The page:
Flowers revealed through interviews with police from different cities that it’s impossible to “hit the pipe” and not become addicted. Physicians and businessmen were often the most vulnerable to the drug followed by ministers. “No crime great or small is beyond the reach of the person surrounded by such conditions.”
The author closed his article with another story, one about a couple happily engaged. The fiancé developed an opium addiction and his fiancée, a devoted and loving woman, stood by his side when he confessed his addiction and went through treatment. Though he beat his habit, the husband fell back into it and his new wife was so devastated that she also fell to the addiction. Together they ran an opium den, feeding the addictions of others until their arrest. It’s interesting to see that a version of a public service announcement condemning drugs and notifying the public of their dangers was available in the early 1900’s. If you’re on the home page, there are more stories after the break …
Colorado’s new Battle Mountain Road
While modern-day Coloradans battle over a roadless policy for national forests in the state, early residents had their hands full just trying to get around the rugged high country terrain. In 1928, the Eagle County News reported on the history of Battle Mountain Road, between Red Cliff and Gilman. In its day, the road was part of a transcontinental route between New York and San Francisco.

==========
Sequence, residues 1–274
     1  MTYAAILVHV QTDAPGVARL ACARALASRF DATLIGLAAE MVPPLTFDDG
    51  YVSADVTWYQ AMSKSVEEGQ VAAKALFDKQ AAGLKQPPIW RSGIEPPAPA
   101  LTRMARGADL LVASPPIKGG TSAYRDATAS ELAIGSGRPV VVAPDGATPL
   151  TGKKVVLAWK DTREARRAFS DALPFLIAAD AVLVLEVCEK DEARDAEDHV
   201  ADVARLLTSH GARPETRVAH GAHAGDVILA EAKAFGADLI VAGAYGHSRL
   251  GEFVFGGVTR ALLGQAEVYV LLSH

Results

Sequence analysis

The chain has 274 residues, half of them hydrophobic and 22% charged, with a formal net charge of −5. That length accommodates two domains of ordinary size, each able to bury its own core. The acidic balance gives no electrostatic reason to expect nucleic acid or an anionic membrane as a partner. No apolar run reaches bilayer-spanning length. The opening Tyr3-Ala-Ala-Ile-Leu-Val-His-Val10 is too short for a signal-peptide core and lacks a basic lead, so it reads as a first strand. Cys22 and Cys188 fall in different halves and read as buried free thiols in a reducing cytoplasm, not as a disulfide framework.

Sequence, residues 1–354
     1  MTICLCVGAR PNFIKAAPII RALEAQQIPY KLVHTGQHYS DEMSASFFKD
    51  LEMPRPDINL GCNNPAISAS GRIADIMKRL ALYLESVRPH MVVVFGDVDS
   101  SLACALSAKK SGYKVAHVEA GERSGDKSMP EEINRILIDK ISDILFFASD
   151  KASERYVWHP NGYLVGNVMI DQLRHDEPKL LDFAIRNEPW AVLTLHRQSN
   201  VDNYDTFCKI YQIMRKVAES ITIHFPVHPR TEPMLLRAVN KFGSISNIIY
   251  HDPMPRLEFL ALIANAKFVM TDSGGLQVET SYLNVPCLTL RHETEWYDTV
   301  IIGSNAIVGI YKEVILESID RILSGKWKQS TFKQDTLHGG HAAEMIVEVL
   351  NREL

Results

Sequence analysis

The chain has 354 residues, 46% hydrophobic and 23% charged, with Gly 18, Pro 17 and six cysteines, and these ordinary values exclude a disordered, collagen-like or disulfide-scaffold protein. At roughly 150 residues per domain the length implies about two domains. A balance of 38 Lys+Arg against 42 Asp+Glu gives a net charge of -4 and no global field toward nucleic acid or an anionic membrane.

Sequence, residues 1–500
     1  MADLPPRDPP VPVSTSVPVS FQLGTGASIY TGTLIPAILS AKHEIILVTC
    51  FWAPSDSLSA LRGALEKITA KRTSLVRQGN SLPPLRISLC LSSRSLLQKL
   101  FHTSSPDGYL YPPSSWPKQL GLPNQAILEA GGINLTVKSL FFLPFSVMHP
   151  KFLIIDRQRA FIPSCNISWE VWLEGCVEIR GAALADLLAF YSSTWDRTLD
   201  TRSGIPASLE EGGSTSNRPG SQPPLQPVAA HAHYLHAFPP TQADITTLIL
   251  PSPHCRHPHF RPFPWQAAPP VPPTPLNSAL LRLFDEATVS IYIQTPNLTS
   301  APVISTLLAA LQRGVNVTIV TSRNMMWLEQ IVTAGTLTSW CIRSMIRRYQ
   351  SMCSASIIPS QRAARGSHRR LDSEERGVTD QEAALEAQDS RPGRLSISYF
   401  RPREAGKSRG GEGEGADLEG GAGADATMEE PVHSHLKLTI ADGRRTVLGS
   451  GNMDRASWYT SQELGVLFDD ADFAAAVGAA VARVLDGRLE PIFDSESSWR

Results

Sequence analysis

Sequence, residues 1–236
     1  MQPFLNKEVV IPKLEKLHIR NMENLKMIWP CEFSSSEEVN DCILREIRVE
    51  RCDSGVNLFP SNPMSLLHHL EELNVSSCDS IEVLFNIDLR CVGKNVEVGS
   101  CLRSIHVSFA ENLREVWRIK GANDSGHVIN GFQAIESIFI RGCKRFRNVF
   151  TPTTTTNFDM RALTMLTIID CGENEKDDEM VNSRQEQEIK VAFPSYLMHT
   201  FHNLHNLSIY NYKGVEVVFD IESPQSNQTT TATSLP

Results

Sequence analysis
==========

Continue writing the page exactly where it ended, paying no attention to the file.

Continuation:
Pike’s Peak ocean-to-ocean highway was an old road winding through cliffs that overlooked Eagle River. Motorists affectionately knew the road as a “waterloo.”
Trains and rivers below looked like toys and ribbons below and it wound narrow and steep, making hard for motorists with six and four-cylinder engines to climb the steep grades.